The longest-reigning monarch in British history turns 90 on Thursday, but Queen Elizabeth II is not planning a major, fireworks-filled celebration to mark the happy occasion.
Just a gentle stroll outside the grounds of Windsor Castle, the lighting of a beacon, and a night at home with family are all that are on the royal plate.
No, she'll save the pomp and ceremony for her next birthday. The monarch is such an eminent figure in British life that she gets two birthdays each year, one on the actual date of her birth, April 21, and one official birthday in June, when there is at least a reasonable hope of dry, sunny parade weather.
Her customary reticence hasn't kept the nation's media from going slightly bonkers at the approaching milestone. ITV has already aired a celebratory "Our Queen at 90" documentary to pump up its Easter ratings, and Tatler magazine not only put the queen on its cover, foregoing the youthful socialites that are its typical cover fare, but published a special supplement in her honor.
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The birthday events Thursday can be considered a dress rehearsal for the official celebrations planned in early June. It also opens the door to a rolling birthday season that will last a full six weeks, climaxing with hundreds of celebrations large and small.
"June is when everything is happening. That's the great big extravaganza, the street parties and everything," said Sophia Money-Coutts, Tatler's features director. "From now on, the coverage will be relentless. The republicans will be screaming."
Indeed, it's not a good time for those who oppose the monarchy to peek above the parapet. The British public's considerable affection for the queen surfaces at times of national celebration — witness the million-plus crowd that cheered her outside the Buckingham Palace gates at her Golden Jubilee in 2002.
The queen and the royals have endured some low points in the last two decades, particularly around the time of the death of Princess Diana in 1997, but their popularity has rebounded with the marriage of Prince William to Kate Middleton and the arrival of their two children, Prince George — now third in line to the throne — and Princess Charlotte.
"It's just a golden moment for the whole family after a tricky few years," Money-Coutts said. "And the queen is the figurehead of all that, with the line of succession pretty assured. They are going through a glorious period."
Elizabeth — with her familiar smile, colorful outfits and eccentric if expensive hats — seems oddly impervious to time. If she is tired, it doesn't show. She has softened her schedule, as a concession to 89 and counting, and she has cut back on grueling plane journeys, but she shows no sign of physical or mental frailty.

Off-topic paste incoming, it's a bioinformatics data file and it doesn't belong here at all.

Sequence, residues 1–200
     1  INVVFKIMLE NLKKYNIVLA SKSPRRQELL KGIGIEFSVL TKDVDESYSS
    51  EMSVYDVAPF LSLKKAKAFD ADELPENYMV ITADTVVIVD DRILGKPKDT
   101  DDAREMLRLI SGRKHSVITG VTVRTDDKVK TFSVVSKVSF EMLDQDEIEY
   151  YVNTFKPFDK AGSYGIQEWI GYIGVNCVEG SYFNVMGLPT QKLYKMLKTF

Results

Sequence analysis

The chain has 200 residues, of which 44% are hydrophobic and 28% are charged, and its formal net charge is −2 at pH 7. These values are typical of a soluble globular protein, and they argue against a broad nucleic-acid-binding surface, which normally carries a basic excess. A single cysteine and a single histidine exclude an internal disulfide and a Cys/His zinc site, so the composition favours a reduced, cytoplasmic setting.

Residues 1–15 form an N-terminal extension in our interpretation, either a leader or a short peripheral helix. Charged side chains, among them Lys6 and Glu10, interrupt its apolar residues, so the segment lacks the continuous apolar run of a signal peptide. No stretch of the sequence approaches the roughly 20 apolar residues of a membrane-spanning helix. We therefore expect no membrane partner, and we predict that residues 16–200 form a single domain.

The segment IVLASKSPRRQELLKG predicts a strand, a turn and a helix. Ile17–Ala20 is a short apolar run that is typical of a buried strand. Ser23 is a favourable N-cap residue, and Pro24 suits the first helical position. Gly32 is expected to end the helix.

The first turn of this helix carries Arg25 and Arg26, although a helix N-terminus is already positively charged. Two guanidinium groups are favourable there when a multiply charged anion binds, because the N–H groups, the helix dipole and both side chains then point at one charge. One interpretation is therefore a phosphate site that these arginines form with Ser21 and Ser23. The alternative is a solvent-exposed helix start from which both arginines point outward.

Neither does her 94-year-old husband Prince Philip, despite several serious health scares that included a medical intervention to open clogged heart arteries. His face is craggy, but he still carries himself with the upright bearing of the former naval officer that he is.
Both still seem to be going strong, although their children and grandchildren are increasingly stepping in to handle royal duties ranging from the routine, like opening a hospital ward, to the more substantial such as attending a meeting of Commonwealth heads of state.
Elizabeth and Philip say little in public, but the ITV documentary was revealing about the family dynamics because William, Kate and Prince Harry all spoke about the queen, breaking the normal code of silence that governs their relations with an often intrusive news media held responsible by some for cruelly hounding Diana in the final months of her life.
William, who lost his mother Diana when he was just 15, said the queen had helped him in subtle ways by providing stability and encouraging him to find his own footing.
"Growing up, having this figurehead, having this stability above me has been incredible," he said. "I have been able to explore, understand, slightly carve my own path. I greatly appreciate and value that protection."
Kate, a likely future queen who stepped into the limelight when she and William fell in love in their university days in Scotland, praised Elizabeth for making it easier for her to cope with the constant attention her position brings.
"I feel she's been there, a gentle guidance really for me," she said.
The milestone 90th birthday is a happy occasion, one the queen is willing to acknowledge and share with the nation. It was different in September when — by virtue of her father's early death and her own longevity — she surpassed Queen Victoria to earn distinction as the British ruler with the most time on the throne.
While the British press went gaga over her accomplishment, it seemed that for Elizabeth it was a somewhat painful reminder that her father, King George VI, had died suddenly at age 56, making her queen far earlier than had been expected or desired. She was on vacation in Kenya at the time, having left Britain as a princess and returning as a queen in mourning, greeted at the airport by Winston Churchill, the first of many prime ministers.
The queen may be reluctant to make a great fuss over her 90th birthday, but there is little doubt her favorite time of year is approaching. For June means not only her official birthday, and the gala Trooping The Color parade that accompanies it, it also brings the Royal Ascot races that are a highlight of the queen's year, and other races and racing-related events dear to her heart.
Viewers of the ITV documentary couldn't help but notice that the normally reserved queen seemed most animated at the races, even showing surprising foot speed for a woman in her 80s as she tried to get a better view of the home stretch.
"She'll be at Ascot every morning in her pastel-colored suits, studying the Racing Post, talking with her racing manager," Money-Coutts said. "She absolutely loves it."